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Growing Where You Are Planted -BizLife Magazine

By: Linda Edgerton

Photos by Sara Brennan-Harrell

As president of Quaintance- Weaver Restaurants and Hotels, Dennis Quaintance has framed many a visitor’s first impressions of the Gate City — from the comfortable elegance of the O.Henry Hotel…to the soaring ceilings and old-world style of the adjoining Green Valley Grill…to the art deco ambiance of Lucky 32.

Though at age 49, Quaintance has achieved more than most business people will in a lifetime. His energy and enthusiasm are always propelling him toward new challenges.

It should be no surprise, then, that  on a Sunday night walk a couple of years back, Quaintance and his wife, Nancy, found themselves “relaxing” by brainstorming ideas for a new breakthrough category in the highly competitive hotel industry.

“Nancy and I were there for the birth of the ‘all suites’ hotel. We saw it in Phoenix with the Granada Royale Homtel, which became Embassy Suites, and we saw it here in Greensboro with Guest Quarters. We began to talk about hether there were gaps in the market we could fill.”

That discussion led to the development of the Proximity Hotel – an eight-story tower now under construction on Green Valley Road in Greensboro, near the intersection of Wendover Avenue and Benjamin Parkway. With a bit of luck, it will be the first in a new category of “loft” hotels that will bring unique, one-of-akind charm to an industry dominated by box-like structures. Named after the Proximity Manufacturing Mill established by Greensboro’s Caesar and Moses Cone in the late 1800s, the 147-room facility is intentionally designed to look like an old converted factory, yet built from scratch with modern amenities.

“It’s those authentic architectural features that give you a wonderful tension,” Quaintance said. “You get high ceilings and exposed brickwork paired with classic, modern furnishings.”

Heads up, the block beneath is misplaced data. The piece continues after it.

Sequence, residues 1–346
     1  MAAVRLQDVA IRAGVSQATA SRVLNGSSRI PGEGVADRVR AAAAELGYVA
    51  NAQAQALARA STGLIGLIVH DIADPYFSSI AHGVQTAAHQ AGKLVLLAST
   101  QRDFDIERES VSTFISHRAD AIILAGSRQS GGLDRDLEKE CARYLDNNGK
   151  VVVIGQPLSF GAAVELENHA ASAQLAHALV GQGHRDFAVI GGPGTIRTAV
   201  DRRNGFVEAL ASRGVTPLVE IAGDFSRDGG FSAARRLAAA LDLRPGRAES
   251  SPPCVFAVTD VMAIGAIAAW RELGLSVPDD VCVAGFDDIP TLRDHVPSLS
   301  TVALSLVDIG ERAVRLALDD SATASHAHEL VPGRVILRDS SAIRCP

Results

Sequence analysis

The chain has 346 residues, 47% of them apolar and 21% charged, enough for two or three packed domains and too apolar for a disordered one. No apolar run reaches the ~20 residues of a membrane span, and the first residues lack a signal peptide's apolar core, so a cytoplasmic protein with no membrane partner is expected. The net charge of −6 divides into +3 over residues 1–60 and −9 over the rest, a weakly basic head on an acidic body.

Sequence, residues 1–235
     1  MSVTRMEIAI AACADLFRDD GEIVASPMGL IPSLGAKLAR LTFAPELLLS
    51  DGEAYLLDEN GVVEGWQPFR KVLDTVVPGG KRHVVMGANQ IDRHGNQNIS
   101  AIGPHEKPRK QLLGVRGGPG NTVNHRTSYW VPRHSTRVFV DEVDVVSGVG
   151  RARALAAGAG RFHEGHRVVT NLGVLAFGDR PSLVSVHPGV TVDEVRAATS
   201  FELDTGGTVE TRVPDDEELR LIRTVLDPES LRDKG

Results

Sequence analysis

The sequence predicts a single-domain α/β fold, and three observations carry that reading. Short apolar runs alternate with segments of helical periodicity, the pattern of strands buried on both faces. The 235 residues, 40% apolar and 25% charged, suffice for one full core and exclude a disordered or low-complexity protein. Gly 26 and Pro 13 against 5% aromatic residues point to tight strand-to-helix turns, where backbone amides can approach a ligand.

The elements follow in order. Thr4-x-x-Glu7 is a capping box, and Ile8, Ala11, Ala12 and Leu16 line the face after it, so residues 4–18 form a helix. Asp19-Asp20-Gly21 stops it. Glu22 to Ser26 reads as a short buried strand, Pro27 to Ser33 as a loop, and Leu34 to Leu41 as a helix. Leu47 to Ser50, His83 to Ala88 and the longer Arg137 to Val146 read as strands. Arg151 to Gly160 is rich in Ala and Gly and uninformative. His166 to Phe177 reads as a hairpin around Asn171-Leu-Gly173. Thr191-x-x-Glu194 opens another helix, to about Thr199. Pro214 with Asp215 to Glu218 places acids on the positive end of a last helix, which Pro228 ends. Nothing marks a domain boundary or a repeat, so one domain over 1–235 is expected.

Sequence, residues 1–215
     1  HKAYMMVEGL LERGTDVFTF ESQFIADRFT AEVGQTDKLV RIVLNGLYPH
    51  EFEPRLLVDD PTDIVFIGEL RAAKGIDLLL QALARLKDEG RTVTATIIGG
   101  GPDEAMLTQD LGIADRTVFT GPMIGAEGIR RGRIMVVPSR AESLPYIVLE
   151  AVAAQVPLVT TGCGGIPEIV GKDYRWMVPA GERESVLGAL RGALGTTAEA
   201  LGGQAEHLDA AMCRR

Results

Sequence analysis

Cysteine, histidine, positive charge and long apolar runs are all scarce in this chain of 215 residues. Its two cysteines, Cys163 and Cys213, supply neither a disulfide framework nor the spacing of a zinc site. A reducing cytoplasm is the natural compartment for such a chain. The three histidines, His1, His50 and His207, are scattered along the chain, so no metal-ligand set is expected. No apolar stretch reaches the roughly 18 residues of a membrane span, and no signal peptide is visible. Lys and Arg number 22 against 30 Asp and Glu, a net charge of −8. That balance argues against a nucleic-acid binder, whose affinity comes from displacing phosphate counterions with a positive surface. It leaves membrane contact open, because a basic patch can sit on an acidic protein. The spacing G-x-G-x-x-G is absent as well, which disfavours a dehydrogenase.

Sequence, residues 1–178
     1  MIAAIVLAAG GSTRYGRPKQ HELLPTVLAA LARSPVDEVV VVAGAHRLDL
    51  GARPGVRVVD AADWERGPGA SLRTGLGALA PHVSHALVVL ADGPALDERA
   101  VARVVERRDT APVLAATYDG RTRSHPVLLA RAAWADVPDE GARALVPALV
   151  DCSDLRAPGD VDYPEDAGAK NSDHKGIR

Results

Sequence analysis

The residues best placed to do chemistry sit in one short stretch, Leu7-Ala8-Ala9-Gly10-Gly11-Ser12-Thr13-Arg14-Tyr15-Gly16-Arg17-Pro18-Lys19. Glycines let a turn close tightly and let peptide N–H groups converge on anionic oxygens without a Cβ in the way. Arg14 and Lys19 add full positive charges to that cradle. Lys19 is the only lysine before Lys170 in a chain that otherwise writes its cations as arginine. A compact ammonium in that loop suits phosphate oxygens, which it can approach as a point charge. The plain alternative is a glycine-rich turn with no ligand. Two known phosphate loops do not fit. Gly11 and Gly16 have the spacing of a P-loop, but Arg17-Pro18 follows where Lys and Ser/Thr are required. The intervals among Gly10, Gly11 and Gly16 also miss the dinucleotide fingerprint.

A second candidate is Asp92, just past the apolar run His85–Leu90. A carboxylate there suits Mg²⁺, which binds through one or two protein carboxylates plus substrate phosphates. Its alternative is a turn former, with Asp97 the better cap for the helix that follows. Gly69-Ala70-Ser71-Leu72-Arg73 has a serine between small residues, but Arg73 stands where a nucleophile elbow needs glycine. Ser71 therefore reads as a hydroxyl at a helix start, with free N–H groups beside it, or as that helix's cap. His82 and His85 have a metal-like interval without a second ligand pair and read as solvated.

Environmentally cool

You also get one of the most  energy efficient hotels in the world— meeting or exceeding Gold standards for Leadership in Energy and Environmental Design.

“I believe there are two litmus tests in any business,” Quaintance said as he explained his focus on energy efficiency. “We’ve got to be absolutely loyal to the financial requirements of those who fund our ventures, and we also need to pursue sustainable models. Proximity will use only 40 to 55 percent of the energy of a conventional hotel, but guests will never feel inconvenienced or notice the difference.”

What they will notice is fresh air and abundant light. A sophisticated air exchange system will pull fresh air in and capture energy in the process, while broad expanses of glass will flood the hotel with sunlight. Standard guest rooms will have 50 square feet of windows, while 30 400-square-foot end and corner rooms will have triple that amount.

The combination of fresh air and sunlight is designed to help guests sleep better and wake up energized. Water will be heated by solar panels, and the hotel will use new high-tech, belt-driven elevators that gather energy during their descent to power cars on the way back up.

Ride the wave

Quaintance’s innovative approach  to managing the energy demands of his properties mirrors his advice for handling any tough business issue: ride the wave.

“The key when we face issues  isn’t to resist or deflect them, but to ride the wave, figure out the trends and respond,” he said. “That means focusing on negative things positively— determining what’s wrong and reversing the trend.”

Listen to the market

The process used to determine where to bring the Proximity project to life reflects Quaintance’s now legendary attention to detail and planning. (He and Nancy are said to have mocked up a hotel room in a local warehouse before the plans for the O.Henry were finalized – analyzing everything from the comfort of bed pillows to the height of the writing desk.)